Psychedelic Mushrooms Might Become Legal in Denver
Initiative 301 would make shrooms the city’s "lowest law-enforcement priority"
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By May 7, Denver, Colorado, could become the first American city to decriminalize psychedelic mushrooms.
A municipal ballot which has already been sent out to voters asks them to weigh in on whether adults using and possessing psilocybin mushrooms should be a priority for law enforcement.
Initiative 301 would not make “magic” mushrooms legal and it would still be illegal to buy, sell and possess the drug, but it would make busting users the absolute lowest priority for law enforcement. As the Denver Post puts it: “See a person jaywalking and a person with a sack of shrooms? Get the jaywalker.”
Here’s the ballot question: “Shall the voters of the City and County of Denver adopt an ordinance to the Denver Revised Municipal Code that would make the personal use and personal possession of psilocybin mushrooms by persons twenty-one (21) years of age and older the city’s lowest law-enforcement priority, prohibit the city from spending resources to impose criminal penalties for the personal use and personal possession of psilocybin mushrooms by persons twenty-one (21) years of age and older, and establish the psilocybin mushroom policy review panel to assess and report on the effects of the ordinance?”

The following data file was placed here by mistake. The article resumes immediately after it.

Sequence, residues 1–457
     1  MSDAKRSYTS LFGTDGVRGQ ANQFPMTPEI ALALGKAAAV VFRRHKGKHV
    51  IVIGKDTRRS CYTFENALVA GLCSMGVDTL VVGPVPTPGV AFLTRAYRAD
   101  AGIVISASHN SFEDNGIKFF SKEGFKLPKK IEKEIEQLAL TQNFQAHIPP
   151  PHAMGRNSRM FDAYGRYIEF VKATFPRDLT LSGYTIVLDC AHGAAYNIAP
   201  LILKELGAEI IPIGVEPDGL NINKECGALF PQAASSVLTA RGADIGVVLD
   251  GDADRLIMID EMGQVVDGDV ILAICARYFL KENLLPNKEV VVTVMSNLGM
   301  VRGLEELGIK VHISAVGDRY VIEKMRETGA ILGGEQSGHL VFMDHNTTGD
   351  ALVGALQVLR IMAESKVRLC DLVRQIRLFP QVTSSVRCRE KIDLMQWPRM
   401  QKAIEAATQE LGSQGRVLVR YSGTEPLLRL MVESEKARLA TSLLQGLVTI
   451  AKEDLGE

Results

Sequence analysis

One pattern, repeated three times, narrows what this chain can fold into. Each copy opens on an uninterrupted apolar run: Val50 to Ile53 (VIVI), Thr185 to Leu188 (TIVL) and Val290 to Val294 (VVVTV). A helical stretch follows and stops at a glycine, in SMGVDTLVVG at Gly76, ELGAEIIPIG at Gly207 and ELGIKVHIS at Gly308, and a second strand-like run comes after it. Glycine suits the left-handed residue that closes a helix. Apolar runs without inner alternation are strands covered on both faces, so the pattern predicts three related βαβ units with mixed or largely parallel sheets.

As it stands now, possession of psilocybin mushrooms is a felony punishable by up to a year in prison and a large fine.
Kevin Matthews, the stay-at-home dad who’s behind the Decriminalize Denver campaign, said an experience with mushrooms helped him recover from depression he began experiencing after failing to graduate from West Point.
“Psilocybin is safer than cannabis. Cannabis is safer than alcohol. There’s no reason for us to be criminalizing individuals and spending taxpayer money,” Matthews told The Post.
On the other side of the issue, many people who have had a bad trip on mushrooms rate it as one of the worst experiences of their lives and some have even attempted suicide because of it.
Colorado has set precedent before as it, along with Washington, became the first two states to legalize marijuana for recreational use.
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